How many orgasms did you end up having throughout the birth? Did they feel different than regular orgasms?

Woman A: I had one, but I did not notice physical pelvic floor contractions that happen with some types of orgasm. 

Woman B: I just had one, but yes it was very different than my usual orgasms. It was more of a very deep, full-body orgasm. I've also had a ton of those since the birth!

Woman C: I had four separate orgasms. 

Do you feel like it actually reduced your pain or was it more of a nice distraction?

Woman A: It was essential to my experience of labor: changing stress and pain to love and pleasure.

Woman B: Neither one. 

Woman C: Oh, yes, it greatly reduced the amount of pain. 

Was it weird having an orgasm in front of medical professionals?

Woman A: I was at home with my family, so I didn't. 

Woman B: Because I was at home and the only people present were my husband and two midwives, I felt very comfortable. I orgasmed mostly silently and told them that I did afterward. It felt very comfortable. I am convinced I would have never been able to have that level of relaxation to allow for an orgasm had I been in a hospital.

Woman C: I was at home, so that wasn't a problem.

Did you have trouble finding medical professionals who were experienced in orgasmic birth? 

Woman B: No, both my midwives were familiar with the concept. 

Woman C: I was planning a home water birth with an RN who was very familiar with the methods. 

Did you tell people you'd had an orgasmic birth when it happened? What were their responses?

Woman A: No. 

Woman B: I told a few close friends, who all thought it was wonderful. 

Woman C: I only told intimate friends whom I knew would consider my experiences sacred. It's nothing to brag about, it's just such an incredible experience. 

Have you had other children without using orgasmic birth?

Woman C: My first son, I had a spontaneous orgasm while I was in labor, but that didn't happen with my second son. 

What do you think the biggest misconceptions are about orgasmic birth?

Woman A: That there is only one type of orgasm that you can have. 

Woman B: Having sex during labor or masturbating to orgasm during labor isn't the same thing as the birthing process itself bringing pleasure and an orgasm.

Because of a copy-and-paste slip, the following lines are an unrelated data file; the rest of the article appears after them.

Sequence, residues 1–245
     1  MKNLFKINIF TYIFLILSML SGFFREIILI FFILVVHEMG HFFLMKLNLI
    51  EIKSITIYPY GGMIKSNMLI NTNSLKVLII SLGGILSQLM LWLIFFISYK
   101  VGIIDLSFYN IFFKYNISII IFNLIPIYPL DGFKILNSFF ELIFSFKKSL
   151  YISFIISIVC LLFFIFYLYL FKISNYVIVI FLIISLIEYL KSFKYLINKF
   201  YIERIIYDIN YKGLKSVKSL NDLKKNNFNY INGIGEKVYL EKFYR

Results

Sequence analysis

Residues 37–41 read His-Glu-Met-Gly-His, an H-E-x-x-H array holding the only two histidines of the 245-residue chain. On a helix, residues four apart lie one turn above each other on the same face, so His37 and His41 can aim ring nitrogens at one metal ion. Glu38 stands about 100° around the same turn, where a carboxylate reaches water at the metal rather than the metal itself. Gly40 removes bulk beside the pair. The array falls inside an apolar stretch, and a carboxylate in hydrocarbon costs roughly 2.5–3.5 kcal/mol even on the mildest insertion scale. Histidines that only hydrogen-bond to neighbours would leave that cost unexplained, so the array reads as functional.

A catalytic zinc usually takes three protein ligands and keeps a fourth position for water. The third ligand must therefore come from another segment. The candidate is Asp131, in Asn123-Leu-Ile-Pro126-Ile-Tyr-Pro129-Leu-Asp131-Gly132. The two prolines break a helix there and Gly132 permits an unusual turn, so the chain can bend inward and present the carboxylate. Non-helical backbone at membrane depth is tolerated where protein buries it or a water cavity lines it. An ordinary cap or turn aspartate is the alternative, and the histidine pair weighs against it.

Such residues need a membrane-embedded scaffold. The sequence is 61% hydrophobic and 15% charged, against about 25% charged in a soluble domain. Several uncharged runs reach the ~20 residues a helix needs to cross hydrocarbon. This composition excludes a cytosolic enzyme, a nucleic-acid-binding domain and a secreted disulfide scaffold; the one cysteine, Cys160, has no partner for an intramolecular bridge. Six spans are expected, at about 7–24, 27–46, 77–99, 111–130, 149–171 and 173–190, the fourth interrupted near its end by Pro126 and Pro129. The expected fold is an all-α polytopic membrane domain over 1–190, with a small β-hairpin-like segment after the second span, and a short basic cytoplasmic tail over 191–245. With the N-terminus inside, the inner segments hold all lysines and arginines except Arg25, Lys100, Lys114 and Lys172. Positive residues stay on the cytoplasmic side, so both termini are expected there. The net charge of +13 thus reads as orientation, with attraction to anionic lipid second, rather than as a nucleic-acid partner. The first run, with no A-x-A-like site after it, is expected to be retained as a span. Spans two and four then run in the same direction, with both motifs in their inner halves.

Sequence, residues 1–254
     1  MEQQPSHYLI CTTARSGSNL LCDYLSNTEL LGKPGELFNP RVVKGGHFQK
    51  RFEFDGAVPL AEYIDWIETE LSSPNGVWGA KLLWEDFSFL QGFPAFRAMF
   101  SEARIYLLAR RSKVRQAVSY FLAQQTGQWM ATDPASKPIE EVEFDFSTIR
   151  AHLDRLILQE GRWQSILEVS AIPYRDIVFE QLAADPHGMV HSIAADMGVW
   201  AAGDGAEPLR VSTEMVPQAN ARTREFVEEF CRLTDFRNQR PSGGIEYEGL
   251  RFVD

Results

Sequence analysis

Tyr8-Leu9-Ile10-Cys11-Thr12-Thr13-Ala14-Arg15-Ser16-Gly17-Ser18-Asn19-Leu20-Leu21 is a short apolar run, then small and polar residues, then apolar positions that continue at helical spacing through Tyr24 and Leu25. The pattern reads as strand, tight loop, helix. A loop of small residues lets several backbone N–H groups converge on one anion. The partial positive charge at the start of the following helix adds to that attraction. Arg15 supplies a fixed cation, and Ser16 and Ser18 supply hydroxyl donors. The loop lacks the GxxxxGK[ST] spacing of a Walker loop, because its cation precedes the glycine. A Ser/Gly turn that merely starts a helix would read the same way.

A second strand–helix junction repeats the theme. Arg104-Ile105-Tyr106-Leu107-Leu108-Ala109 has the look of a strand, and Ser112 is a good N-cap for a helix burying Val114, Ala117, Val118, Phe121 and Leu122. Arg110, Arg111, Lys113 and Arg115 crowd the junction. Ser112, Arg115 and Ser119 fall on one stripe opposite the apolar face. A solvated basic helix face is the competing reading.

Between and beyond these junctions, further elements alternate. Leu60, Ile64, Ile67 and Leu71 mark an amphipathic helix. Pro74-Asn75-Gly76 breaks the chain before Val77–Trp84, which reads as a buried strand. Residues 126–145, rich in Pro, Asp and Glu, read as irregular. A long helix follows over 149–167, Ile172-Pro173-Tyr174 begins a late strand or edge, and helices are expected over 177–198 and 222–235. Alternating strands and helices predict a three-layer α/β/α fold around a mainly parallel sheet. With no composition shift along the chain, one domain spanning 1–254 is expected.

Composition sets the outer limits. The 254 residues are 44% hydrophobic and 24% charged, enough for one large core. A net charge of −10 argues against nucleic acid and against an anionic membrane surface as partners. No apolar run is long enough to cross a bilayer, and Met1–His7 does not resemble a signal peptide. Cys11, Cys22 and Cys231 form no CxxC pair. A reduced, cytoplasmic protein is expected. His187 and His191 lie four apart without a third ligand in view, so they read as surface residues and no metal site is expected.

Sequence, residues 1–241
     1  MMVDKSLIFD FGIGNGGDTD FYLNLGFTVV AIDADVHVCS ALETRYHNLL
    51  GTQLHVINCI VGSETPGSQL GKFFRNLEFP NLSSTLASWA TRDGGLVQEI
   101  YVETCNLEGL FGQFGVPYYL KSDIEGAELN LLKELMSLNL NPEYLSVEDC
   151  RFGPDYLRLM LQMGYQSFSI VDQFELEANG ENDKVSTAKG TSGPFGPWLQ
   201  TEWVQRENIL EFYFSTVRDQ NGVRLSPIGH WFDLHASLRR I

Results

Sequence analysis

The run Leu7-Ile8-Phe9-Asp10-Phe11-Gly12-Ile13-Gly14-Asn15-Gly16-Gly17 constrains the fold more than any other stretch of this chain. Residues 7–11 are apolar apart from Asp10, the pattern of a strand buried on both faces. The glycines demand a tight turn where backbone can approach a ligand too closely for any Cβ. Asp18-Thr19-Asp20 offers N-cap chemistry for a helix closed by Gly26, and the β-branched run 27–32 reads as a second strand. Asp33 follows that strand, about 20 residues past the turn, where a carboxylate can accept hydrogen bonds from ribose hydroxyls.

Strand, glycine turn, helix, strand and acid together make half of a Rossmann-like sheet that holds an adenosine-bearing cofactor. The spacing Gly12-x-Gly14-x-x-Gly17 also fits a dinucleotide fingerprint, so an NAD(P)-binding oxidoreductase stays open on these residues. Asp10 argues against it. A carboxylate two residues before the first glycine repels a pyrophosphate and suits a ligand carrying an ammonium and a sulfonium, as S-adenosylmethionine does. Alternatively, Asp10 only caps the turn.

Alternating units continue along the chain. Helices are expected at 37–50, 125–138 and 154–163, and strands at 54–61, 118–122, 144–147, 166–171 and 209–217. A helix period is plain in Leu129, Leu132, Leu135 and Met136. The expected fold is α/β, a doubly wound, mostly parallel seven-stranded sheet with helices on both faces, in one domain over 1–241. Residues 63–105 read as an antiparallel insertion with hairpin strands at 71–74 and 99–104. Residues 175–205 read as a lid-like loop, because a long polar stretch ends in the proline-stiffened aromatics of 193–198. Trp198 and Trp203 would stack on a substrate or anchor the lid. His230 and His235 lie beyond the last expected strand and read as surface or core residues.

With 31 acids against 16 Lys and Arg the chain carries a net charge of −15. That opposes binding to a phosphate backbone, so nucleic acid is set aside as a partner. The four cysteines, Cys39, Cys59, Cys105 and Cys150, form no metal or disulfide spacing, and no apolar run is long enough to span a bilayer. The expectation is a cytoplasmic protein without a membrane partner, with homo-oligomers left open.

Woman C: That they are not real orgasms, when in fact they can be so much better than an orgasm. 

What advice would you give to other women who are considering orgasmic birth?

Woman A: Check out (opens in new tab), they have a film and some books. Also, the more private your situation is, the more you can use the hormones of sexuality to help you in labor. 

Woman B: Give birth at home in the most comfortable and relaxed environment possible, with as few people around as possible. 

Woman C: Be open to all possibilities and try to make it feel as natural as possible. Intimacy with oneself is amazing. 

Lane Moore
Lane Moore

Lane Moore is an award-winning comedian, actor, writer, and musician based in New York City. Her first book, How To Be Alone: If You Want To And Even If You Don’t became a #1 bestseller and was praised as one of the best books of the year by The New York TimesNew York Magazine, NPR, Good Morning AmericaFast CompanyMarie Claire, and many others. Moore also gave a TEDx Talk based on the book, called How To Be Alone. Her comedy show “Tinder Live!” is regarded as one of the best comedy shows in New York City and has been praised by The New York TimesEntertainment Tonight, CBS, Time Out New York, and New York Magazine. She has a monthly sold-out residency in NYC, and also tours rock venues and colleges worldwide. As an actor, Moore plays Kelsey on HBO’s Search Party, and has a recurring role on Rooster Teeth’s What Do You Know? and had a memorable role on season 5 of  HBO’s Girls. She also frequently appears on Comedy Central, VH1, MTV, truTV, and IFC shows. As a musician, Moore is the front person and songwriter in the band “It Was Romance.” In her time as the the Sex and Relationships Editor at Cosmopolitan, she won a GLAAD award for her groundbreaking work championing diverse, inclusive coverage. Moore also hosts the live streaming comedy show How To Be Alone on Twitch, which she calls “PeeWee’s Playhouse for lonely adults.”